The bike-by-wire controllers direct that current where needed: to the onboard battery for charging, to the interface display, to the rear hub traction motors that propel the bike, and back to the rider's feet in the form of counter-torque, giving the feeling of resistance when pedaling. The trick will be by synching it all up via Controller Area Network (CAN) bus, a 500 kbits/sec messaging standard which simplifies the amount of cabling needed. It should move the bike on one hand, and independently send the "chain feeling" back to the rider. Move pedal, move bike.

“Pedal by wire has huge potential. Micromobility is coming."

"The feeling should be the same as when there is a chain there," says Thorsten Weyer, a Schaeffler system architect. "But there is no chain."

Propelling the bike will be the two Heinzmann hub motors, which the controller can get rolling set at European Union specs at 125 watts of power each, 250 total (500 watts in mountainous Switzerland, 600 in Austria). Each hub can each generate 113 newton-meters of torque on the axle, powering it ahead. "With the hub motor you have power where you need it," says Heinzmann electric drives managing director Peter Mérimèche. The controller's programmed with nine gear settings: the countercurrent controlling torque on the axle is reduced or increased automatically based on the grade the bike is traveling on.

Designers have dreamed of chainless bikes for more than a century—in analogue form—and at least 25 years for e-bikes, as Andreas Fuchs, a Swiss physicist and engineer, developed his first chainless working models in the mid-90s. Challenges remain. Han Goes, a Dutch consultant and bicycle designer, worked with a Korean auto supplier a decade ago on a personal portable chainless folding bike. Pedaling parameters proved a struggle. "The man and the machine, the cyclist and the generator, the motor: nothing should feel disruptive," he says. If so, the rider feels out of step. "It is like you are pedaling somewhere into empty space."

Goes is still at it, working with design partners on a new chainless cargo bike. Our parcels keep needing delivery, and the city is changing. "Pedal by wire has huge potential. Micromobility is coming," he says. Dutch and Danish and other developers are at it, too. "It offers design and engineering freedom. Simplicity. Less parts and maintenance. Traditional chain drives can never offer that."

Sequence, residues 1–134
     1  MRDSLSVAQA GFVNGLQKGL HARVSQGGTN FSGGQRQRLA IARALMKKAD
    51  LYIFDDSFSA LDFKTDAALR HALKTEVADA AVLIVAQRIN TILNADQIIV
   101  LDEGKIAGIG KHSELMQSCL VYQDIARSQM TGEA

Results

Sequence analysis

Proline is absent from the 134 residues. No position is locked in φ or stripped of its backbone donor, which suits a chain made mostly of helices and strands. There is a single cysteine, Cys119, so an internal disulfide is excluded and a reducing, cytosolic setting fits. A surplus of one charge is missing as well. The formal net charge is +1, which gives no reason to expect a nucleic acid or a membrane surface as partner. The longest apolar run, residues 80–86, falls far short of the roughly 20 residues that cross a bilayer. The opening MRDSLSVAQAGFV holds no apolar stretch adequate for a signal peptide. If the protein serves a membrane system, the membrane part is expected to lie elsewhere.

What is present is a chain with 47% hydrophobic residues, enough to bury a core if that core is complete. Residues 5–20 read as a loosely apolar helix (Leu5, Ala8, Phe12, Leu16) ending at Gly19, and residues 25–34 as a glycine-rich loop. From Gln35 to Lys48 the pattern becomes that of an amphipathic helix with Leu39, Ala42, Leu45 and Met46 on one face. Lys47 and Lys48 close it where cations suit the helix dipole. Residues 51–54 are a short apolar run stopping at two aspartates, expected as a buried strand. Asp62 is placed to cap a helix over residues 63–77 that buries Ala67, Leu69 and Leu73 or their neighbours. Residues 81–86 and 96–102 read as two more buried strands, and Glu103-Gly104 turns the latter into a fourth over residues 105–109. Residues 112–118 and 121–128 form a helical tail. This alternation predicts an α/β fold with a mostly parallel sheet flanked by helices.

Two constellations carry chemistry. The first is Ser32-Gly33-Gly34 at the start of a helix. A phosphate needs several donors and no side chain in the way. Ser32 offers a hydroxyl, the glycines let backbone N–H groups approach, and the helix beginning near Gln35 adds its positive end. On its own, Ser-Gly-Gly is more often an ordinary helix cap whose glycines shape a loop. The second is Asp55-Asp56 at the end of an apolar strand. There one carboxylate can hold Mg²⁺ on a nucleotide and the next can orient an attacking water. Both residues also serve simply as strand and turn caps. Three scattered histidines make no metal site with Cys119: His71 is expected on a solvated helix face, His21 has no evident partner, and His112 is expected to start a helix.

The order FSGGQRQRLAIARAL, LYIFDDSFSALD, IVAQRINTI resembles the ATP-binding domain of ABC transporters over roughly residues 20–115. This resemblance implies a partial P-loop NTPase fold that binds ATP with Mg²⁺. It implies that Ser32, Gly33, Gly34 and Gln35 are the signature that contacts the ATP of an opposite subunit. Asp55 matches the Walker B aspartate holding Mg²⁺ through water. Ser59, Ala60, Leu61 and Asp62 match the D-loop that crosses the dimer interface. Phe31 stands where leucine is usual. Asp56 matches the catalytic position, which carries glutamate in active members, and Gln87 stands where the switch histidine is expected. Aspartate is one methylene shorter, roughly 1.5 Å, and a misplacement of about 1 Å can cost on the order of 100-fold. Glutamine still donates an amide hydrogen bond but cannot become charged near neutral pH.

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The First Million-Transistor Chip: the Engineers’ Story

Intel’s i860 RISC chip was a graphics powerhouse

21 min read
Twenty people crowd into a cubicle, the man in the center seated holding a silicon wafer full of chips

Intel's million-transistor chip development team

In San Francisco on Feb. 27, 1989, Intel Corp., Santa Clara, Calif., startled the world of high technology by presenting the first ever 1-million-transistor microprocessor, which was also the company’s first such chip to use a reduced instruction set.

The number of transistors alone marks a huge leap upward: Intel’s previous microprocessor, the 80386, has only 275,000 of them. But this long-deferred move into the booming market in reduced-instruction-set computing (RISC) was more of a shock, in part because it broke with Intel’s tradition of compatibility with earlier processors—and not least because after three well-guarded years in development the chip came as a complete surprise. Now designated the i860, it entered development in 1986 about the same time as the 80486, the yet-to-be-introduced successor to Intel’s highly regarded 80286 and 80386. The two chips have about the same area and use the same 1-micrometer CMOS technology then under development at the company’s systems production and manufacturing plant in Hillsboro, Ore. But with the i860, then code-named the N10, the company planned a revolution.